A New Effort, Same Story.
Could've been something different.
For new millennials born after the 90's will be something new to hold on to. But it is still amazing the French Canadian band is still kicking around.
Musical skill3.3
They're Still Around in their 30s but music & lyrics in the 90's

Director: Mark Staubach
Cinematography: Chady Awad

Any music fan during the early 2000’s remembers the days of pop punk and “emo” music; who could forget legendary bands such as My Chemical Romance or Fall Out Boy, bands who narrated the teenage lives of many of today’s 20-something year olds. While many of these bands have broken up or diverted their style of music to one that is more radio-friendly by today’s standards, one popular pop punk band of emo’s glory days still remains – and they’re back with a full-length album.

Early 2016 has seen the release of many new albums, many of which by already established chart-toppers. While Simple Plan has been wildly famous since their first release back in 2002, they created albums consistently through the early 2010’s, during which they stopped to take some time and re-create themselves as a band. Many fans believed the band had no future, as they provided few updates with regard to their future plans, and were very much absent from the live music scene. Many fans even forgot the band existed, realizing just how long it had been since their last release. In fact, 2016 marks the 5-year mark since the band’s first full-length album, and the 2-year mark since the release of their last EP. For a band that was once legendary, this behavior is odd to say least.

Despite rumors of a considerably possible breakup, Simple Plan came through with the first single off their new album “Taking One for the Team” in fall of 2015; the single was titled “I Don’t Wanna Go to Bed,” and marked noticeable differences in style compared to previous releases by the band. Simple Plan began as a strictly pop punk entity, appealing to the inner teenager in their listeners. Their music was angsty and relatable, with songs such as “I’m Just a Kid” and “Perfect” appealing to the inner teenager in everyone. Their newest release is noticeably more pop than punk, yet the band makes this change of style highly appealing, even to fans who have enjoyed their music since the band’s inception a decade and a half ago.

While it’s clear that Pierre Bouvier and the rest of the band worked to make noticeable differences in their style, it’s also clear that “Taking One for the Team” was created with long-time fans in mind. Yes, it does have noticeably less-punk undertones, and yes the songs may be more difficult to relate to as adults than they were as teenagers, but this album truly captures what it meant to be a teenager in the early 2000’s, and makes a great effort at bringing about a new age of pop punk in music world dominated by pop and metal. Very few bands promote this brand of old-school pop punk anymore, with the annual Warped Tour often featuring heavier artists than pop punk of old. Any diehard fans of pop punk will thoroughly enjoy “Taking One for the Team,” and any younger teens who may have missed the great era of emo music will have an opportunity to experience it in a new light.

Modern-day Simple Plan can be described as Blink-182 meets Maroon 5, with “Taking One for the Team” very effectively conveying the best of both pop punk and radio pop. One downside to the album is that it is far more easily digested than other pop punk, but that has always been one considerable downside to the music of Simple Plan. While bands like My Chemical Romance looked to appeal to feelings of depression and worthlessness, Simple Plan has always addressed some of the less-intense parts of being a teen, and this shows through with “Taking One for the Team” (as it has in each of their albums). The band tried getting serious with their self-titled release in 2009, however the attempt seemingly failed as they reversed this style back to a somewhat generic brand of meaningless pop punk with their 2011 release, “Get Your Heart On!” Simplicity aside, the music featured on “Taking One for the Team” is enjoyable to listen to, although it may not have you pondering the meaning of life or questioning any life decisions. More likely, it’ll have you wishing you were back in high school, heading out for a party on a Friday night.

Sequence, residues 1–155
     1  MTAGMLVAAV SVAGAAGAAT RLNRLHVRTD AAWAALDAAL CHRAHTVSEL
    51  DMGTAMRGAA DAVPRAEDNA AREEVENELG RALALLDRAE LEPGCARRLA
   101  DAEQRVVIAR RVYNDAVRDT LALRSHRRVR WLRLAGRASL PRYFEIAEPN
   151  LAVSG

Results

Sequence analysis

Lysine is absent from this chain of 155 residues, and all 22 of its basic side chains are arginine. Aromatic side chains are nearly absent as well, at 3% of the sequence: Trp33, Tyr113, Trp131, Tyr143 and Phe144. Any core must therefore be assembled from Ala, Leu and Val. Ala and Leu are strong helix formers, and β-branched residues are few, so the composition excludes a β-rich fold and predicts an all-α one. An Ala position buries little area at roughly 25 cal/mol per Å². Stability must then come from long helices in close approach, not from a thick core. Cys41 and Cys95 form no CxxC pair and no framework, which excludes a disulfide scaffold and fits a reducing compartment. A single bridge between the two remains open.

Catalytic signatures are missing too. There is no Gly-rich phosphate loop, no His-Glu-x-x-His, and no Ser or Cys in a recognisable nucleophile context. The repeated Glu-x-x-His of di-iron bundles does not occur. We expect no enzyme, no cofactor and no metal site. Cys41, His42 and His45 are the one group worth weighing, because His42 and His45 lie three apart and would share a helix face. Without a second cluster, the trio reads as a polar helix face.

While “Taking One for the Team” does feature many serious undertones or even any sort of deeper meaning, it does appeal to one very powerful part of human emotion: nostalgia. While most bands of the early 2000’s have either broken up or entirely evolved into something unrecognizable, Simple Plan has kept the same factors in play with “Taking One For the Team” as they did with each of their past albums, albeit the newer songs may be less relatable. With that in mind, it’s difficult to listen to the band’s newest album without flashing back to days of old, days where the angst of pop punk filled the radio waves and hearts of teens everywhere.

Simple Plan’s newest album is not recommended for listeners who want to enjoy a spiritual experience with their music, however it’s an excellent listen for anyone looking for a trip down memory lane. It’s sure to make long-time fans smile slyly when they remember the first time they ever heard the band, and will without a doubt stir feelings of nostalgia in listeners of all ages. This upbeat, fun collection of pop punk tunes is an excellent addition to the music library of all who appreciate early 2000’s emo culture, and will ultimately remind listeners of the early days of Simple Plan and pop punk as a whole.

Follow Simple Plan:
Facebook: Simple Plan Official
Twitter: @simpleplan
Instagram: @simpleplan
Soundcloud: Simple Plan’s Soundcloud
Website: http://simpleplan.com/